Bibliography about this language:
Akuetey, Caesar. 1995. "Are `le' and `li' dialectal variants in the Ewe language?."
Akuetey, Caesar. 1998/1999. "A preliminary of Yeegbe: Animist cult language in Eweland."
Callow, John C. 1973. "Two approaches to the analysis of meaning."
Duthie, Alan S. 1993. "Semantic diversity in Ewe words."
Dzameshie, Alex K. 1998/1999. "Structures of coordination in Ewe."
Neeley, Paul. 1997. Review of African Rhythm: A northern Ewe perspective, by Agawu, Kofi.
Ring, J. Andrew. 1981. Ewe as a second language: A sociolinguistic survey of Ghana's central Volta region.
Ring, J. Andrew. 1991. "Three case studies involving dialect standardization strategies in northern Ghana."


Population 526,300 in Ghana (1991 L. Vanderaa CRC) including 400,000 in the Upper East Region, perhaps 100,000 in various towns and cities in other regions (1988 SIL). Population total both countries 551,400 (1991 L. Vanderaa CRC).
Region Northeast Ghana, Upper East Region around Bolgatanga, Frafra District, and as far west as Navrongo. Also spoken in Burkina Faso.
Classification Niger-Congo, Atlantic-Congo, Volta-Congo, North, Gur, Central, Northern, Oti-Volta, Western, Northwest.
Comments The dialects are named after towns or localities. They consider Dagaare in particular to be a sister language. 5 major dialects and many minor ones, all able to use the published materials. They call themselves their clan or dialect name, and their language 'Farefare'. Speakers of Talni are called 'Talensi.' Dictionary. Grammar. Literacy rate in first language: 1% to 5%. Literacy rate in second language: 5% to 15%. Roman. Taught at the University of Ghana. Radio programs, videos. Traditional religion, Christian, Muslim. NT 1986.

The Ga

Population 300,000 in Ghana (1993 UMS). Population total both countries 300,000 or more.
Region Southeast, coast around Accra. Also spoken in Togo.
Alternate names AMINA, GAIN, ACCRA, ACRA
Classification Niger-Congo, Atlantic-Congo, Volta-Congo, Kwa, Nyo, Ga-Dangme.
Comments Ga is the major language of Accra, the capital. Literacy rate in first language: 30% to 60%. Literacy rate in second language: 75% to 100%. Traditional religion. Bible 1866, in press (1997).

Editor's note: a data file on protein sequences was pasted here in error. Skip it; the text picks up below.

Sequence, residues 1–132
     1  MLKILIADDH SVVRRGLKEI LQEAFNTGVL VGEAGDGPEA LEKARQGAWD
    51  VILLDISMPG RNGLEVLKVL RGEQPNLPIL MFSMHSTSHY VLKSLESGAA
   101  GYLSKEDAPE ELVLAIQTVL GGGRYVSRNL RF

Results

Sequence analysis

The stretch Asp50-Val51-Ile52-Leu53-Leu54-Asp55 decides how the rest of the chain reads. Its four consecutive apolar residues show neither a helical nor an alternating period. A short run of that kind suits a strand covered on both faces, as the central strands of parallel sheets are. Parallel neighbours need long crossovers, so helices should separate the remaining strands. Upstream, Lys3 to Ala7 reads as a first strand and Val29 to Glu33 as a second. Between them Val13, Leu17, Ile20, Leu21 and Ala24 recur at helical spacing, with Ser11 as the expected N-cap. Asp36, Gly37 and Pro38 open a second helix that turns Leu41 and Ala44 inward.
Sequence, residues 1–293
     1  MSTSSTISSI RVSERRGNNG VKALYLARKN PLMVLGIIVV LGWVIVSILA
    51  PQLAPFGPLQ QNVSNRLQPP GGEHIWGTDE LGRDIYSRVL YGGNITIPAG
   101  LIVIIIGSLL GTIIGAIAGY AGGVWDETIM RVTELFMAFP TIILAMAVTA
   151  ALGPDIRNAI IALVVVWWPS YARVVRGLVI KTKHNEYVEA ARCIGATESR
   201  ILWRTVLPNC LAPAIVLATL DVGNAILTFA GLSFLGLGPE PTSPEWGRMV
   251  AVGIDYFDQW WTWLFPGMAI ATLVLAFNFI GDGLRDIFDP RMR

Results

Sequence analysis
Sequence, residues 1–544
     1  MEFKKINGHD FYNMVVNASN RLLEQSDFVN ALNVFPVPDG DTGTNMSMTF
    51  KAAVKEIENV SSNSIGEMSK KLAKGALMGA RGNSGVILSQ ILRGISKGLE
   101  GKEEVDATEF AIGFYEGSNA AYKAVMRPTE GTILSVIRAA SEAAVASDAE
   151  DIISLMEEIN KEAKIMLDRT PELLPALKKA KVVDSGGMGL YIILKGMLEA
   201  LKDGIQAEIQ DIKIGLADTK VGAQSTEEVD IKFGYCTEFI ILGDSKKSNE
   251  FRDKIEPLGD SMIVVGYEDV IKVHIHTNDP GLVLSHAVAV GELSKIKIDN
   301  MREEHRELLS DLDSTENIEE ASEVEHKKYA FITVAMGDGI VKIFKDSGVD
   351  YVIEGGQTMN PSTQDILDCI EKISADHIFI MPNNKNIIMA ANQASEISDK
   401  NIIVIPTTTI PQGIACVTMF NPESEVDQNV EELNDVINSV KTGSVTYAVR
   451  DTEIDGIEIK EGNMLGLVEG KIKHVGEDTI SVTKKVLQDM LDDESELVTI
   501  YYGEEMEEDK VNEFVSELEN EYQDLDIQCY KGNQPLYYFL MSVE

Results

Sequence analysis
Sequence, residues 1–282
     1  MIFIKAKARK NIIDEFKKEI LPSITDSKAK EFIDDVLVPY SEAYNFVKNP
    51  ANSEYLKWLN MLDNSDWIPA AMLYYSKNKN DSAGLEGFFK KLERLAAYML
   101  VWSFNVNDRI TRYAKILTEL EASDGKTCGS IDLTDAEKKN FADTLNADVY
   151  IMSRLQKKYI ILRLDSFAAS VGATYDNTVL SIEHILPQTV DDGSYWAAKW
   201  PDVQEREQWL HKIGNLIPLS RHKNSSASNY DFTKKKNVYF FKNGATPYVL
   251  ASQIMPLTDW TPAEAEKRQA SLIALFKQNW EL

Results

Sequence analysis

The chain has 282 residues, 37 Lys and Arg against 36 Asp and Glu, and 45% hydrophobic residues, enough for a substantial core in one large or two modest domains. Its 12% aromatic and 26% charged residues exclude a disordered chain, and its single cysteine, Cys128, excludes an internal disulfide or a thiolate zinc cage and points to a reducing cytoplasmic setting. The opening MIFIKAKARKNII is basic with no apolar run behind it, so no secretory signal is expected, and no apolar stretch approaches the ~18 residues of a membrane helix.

Homowo MEANING: The Homowo Festival's ties lie with the Ga people and their migration to Ghana. The Ga traveled for many years before reaching the West Coast of Africa where they presently live. Along the way, they experienced famine, but because they helped each other, they survived. Later, when their harvests were bountiful, they held a feast at which they mocked and jeered at hunger and the hard times that had plagued them. This was the first Homowo.


The Guan are believed to have begun to migrate from the Mossi region of modern Burkina around A.D. 1000. Moving gradually through the Volta valley in a southerly direction, they created settlements along the Black Volta, throughout the Afram Plains, in the Volta Gorge, and in the Akwapim Hills before moving farther south onto the coastal plains. Some scholars postulate that the wide distribution of the Guan suggests that they were the Neolithic population of the region. Later migrations by other groups such as the Akan, Ewe, and Ga-Adangbe into Guan-settled areas would then have led to the development of Guan-speaking enclaves along the Volta and within the coastal plains. The Guan have been heavily influenced by their neighbors. The Efutu, a subgroup of the Guan, for example, continue to speak Guan dialects, but have adopted (with modifications) the Fante version of some Akan institutions and the use of some Fante words in their rituals. As far as the other Guan subgroups are concered, the Anum-Boso speak a local Ewe dialect, whereas the Larteh and Kyerepong have customs similar to Akwapim groups. Constituting about a quarter of the Guan, the Gonja to the north have also been influenced by other groups. The Gonja are ruled by members of a dynasty, probably Mande in origin. The area is peopled by a variety of groups, some of which do not speak Guan. The ruling dynasty, however, does speak Guan, as do substantial numbers of commoners. Although neither the rulers nor most of the commoners are Muslims, a group of Muslims accompanied the Mande invaders and have since occupied a special position as scribes and traders. The Gonja founded one of several northern kingdoms. In the eighteenth century, they, like their neighbors, were defeated by the expanding Asante Empire. Gonja became part of the British Northern Territories after the fall of Asante. Even though long-distance commerce led to the development of major markets, the Gonja continued to be subsistence farmers and migrant workers.